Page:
Oh and back in the day - a few years ago when I had my proper office job we used DocsOpen as the document management system on the computers - which was a brilliant way of easily accessing clients work etc. does this still exist, is it still current?

I plan to contact the firm I worked for last as my first port of call in touting business and undercutting temp agencies grin.

howshouldibehave Fri 12-Apr-13 10:26:09

I'm just interested in your point about cloud storage mot offering your clients absolute security-what would you say would offer this?

AlliterationAlley Fri 12-Apr-13 12:04:08

Hi Howshoildibehave my feeling with cloud storage is that ultimately it's out of my control and I worry about having clients stuff stored in the ether somewhere unknown.

I really don't know enough about it tbh.

My feeling is ultimately to keep things at close reach - by that I men backing up to a few different sources and keeping one set of back up off site.

As I say - I'm old fashioned.

If anyone can offer me something more informed then I shall welcome that info with an open mind.

NetworkGuy Sat 13-Apr-13 23:33:26

I can happily accept keeping backups on some other storage mechanism (and 3 copies, as in grandfather, father, son versions... hostoric terminology of course!)

NetworkGuy Sat 13-Apr-13 23:33:37

If you are able to read reviews about cloud storage, or try before you buy, then consider whether the data that is uploaded is encrypted or not. If it is encrypted with some passphrase of your choice, then one would hope that it is secure.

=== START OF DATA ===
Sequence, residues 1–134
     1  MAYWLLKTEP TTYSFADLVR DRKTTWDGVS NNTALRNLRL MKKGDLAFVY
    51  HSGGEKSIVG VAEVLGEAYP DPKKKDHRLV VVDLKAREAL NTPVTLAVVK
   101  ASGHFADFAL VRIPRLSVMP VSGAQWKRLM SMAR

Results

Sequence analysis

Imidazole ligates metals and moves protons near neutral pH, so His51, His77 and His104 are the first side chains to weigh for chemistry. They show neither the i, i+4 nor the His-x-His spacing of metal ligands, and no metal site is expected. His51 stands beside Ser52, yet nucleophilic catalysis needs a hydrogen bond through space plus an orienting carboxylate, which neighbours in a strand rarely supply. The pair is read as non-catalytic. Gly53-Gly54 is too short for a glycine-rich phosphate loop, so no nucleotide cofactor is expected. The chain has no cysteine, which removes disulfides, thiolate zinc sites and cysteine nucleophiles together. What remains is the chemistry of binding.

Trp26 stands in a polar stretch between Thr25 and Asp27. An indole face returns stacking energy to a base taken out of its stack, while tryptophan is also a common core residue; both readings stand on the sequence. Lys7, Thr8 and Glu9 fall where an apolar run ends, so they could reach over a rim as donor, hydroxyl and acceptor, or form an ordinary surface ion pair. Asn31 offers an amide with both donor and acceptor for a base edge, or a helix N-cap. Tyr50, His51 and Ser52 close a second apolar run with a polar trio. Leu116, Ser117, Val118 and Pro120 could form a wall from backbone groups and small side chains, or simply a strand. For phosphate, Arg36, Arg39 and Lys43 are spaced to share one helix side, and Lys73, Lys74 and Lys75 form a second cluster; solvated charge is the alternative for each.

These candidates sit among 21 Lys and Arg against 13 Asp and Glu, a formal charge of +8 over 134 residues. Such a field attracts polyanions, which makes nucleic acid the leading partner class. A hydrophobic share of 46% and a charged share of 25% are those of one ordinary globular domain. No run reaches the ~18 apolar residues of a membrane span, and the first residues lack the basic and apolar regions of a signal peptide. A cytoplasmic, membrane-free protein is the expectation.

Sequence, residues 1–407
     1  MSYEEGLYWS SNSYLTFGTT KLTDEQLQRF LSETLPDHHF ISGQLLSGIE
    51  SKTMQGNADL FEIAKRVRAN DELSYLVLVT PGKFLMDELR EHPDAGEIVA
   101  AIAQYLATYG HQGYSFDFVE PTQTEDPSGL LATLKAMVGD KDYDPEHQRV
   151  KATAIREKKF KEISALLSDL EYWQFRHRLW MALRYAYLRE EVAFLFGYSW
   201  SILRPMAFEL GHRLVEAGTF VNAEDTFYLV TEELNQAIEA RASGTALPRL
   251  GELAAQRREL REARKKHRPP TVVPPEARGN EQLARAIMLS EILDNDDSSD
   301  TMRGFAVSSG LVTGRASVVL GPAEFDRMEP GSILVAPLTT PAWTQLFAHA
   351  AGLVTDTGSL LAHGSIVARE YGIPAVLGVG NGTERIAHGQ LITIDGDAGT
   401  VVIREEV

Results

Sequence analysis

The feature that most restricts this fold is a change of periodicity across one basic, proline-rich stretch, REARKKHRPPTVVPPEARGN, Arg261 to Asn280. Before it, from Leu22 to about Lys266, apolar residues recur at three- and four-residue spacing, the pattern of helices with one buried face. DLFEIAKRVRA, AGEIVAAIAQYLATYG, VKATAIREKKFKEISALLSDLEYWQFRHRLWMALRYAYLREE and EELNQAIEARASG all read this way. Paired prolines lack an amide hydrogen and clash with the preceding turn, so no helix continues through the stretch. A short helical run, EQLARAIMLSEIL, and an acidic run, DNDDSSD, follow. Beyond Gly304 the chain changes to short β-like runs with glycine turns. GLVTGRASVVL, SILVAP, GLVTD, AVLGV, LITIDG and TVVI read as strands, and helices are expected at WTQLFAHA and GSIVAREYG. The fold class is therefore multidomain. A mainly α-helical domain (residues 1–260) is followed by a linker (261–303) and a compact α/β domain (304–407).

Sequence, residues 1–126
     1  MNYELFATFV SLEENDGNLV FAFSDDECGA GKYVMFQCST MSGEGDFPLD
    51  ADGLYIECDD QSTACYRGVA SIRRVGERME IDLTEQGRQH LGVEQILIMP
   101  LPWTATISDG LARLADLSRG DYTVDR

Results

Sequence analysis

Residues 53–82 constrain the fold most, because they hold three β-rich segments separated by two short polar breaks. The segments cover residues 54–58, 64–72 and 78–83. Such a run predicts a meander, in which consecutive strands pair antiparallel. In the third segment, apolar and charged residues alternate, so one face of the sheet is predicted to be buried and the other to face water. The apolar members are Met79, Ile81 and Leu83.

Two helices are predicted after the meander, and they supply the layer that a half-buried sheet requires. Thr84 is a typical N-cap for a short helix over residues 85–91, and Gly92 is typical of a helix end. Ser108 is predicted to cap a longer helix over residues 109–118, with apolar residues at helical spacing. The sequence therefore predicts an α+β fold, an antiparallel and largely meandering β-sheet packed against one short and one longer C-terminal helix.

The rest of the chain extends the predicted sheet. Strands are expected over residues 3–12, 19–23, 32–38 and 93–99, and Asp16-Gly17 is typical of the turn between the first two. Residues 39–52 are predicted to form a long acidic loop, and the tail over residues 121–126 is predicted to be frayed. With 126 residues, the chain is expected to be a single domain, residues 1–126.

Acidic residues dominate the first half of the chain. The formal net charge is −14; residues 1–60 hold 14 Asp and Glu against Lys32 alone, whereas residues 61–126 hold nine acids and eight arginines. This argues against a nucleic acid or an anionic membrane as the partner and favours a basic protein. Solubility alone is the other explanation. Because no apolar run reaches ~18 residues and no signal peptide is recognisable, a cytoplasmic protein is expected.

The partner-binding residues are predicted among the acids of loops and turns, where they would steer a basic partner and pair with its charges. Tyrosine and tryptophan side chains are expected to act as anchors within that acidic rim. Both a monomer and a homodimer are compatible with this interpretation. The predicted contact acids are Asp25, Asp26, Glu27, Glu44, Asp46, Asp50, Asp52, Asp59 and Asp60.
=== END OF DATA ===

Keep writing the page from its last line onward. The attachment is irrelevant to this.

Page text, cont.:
However, I remember recently seeing a news item about some US ISPs reporting users (customers) to the authorities because as a matter of routine, all data that was stored in their 'cloud storage' was routinely scanned for child porn.

While I would never condone anyone having child porn and find the whole matter distasteful and abhorrent, and one might consider scanning for such material a public service, it's perhaps one step too far if the person storing any files online does not know what scanning may take place and who has access to those files.

For them to be scanned, one has to assume they are not in some encrypted format (or if they are encrypted, that the key is also stored and has been used to decrypt the data) and it begs the question that if they can be scanned by some software, what's to stop a crooked employee of the storage firm from copying millions of other peoples' documents, on the assumption the files can be viewed by staff {one hopes there would be records kept of any such accesses, but you never know}.

unlucky83 Sun 14-Apr-13 00:18:45